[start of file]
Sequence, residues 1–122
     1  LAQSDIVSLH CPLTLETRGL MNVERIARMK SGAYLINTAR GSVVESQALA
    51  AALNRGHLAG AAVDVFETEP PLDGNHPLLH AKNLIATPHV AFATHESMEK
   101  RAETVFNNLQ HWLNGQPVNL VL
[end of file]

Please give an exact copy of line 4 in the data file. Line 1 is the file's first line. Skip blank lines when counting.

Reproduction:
   101  RAETVFNNLQ HWLNGQPVNL VL